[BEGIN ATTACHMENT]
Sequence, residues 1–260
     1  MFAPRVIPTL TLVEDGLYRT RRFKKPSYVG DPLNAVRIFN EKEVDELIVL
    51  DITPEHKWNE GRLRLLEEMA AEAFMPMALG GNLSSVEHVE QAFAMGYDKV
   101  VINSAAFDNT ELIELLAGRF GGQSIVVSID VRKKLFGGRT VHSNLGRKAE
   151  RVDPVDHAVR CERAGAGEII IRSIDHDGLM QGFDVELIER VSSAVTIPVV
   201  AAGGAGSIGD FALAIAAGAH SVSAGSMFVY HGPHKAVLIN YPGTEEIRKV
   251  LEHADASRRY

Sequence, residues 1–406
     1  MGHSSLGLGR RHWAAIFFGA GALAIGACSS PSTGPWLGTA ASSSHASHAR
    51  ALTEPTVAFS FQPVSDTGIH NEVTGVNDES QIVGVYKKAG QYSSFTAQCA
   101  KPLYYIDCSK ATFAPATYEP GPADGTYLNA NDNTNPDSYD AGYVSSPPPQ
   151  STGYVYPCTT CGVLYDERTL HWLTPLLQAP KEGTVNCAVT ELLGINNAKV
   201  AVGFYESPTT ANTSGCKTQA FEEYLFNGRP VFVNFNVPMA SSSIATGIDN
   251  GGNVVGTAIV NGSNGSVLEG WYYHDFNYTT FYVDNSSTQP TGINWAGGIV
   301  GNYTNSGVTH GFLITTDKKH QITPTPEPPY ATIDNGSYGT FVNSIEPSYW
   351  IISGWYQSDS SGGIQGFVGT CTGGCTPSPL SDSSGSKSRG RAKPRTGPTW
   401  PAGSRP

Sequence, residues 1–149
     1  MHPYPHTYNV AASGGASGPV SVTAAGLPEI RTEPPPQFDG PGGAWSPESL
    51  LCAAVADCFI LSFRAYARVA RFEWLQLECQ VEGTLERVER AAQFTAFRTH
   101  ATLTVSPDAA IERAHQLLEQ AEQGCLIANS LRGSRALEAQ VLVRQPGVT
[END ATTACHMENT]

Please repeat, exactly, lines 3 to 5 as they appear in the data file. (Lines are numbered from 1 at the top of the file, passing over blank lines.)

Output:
    51  DITPEHKWNE GRLRLLEEMA AEAFMPMALG GNLSSVEHVE QAFAMGYDKV
   101  VINSAAFDNT ELIELLAGRF GGQSIVVSID VRKKLFGGRT VHSNLGRKAE
   151  RVDPVDHAVR CERAGAGEII IRSIDHDGLM QGFDVELIER VSSAVTIPVV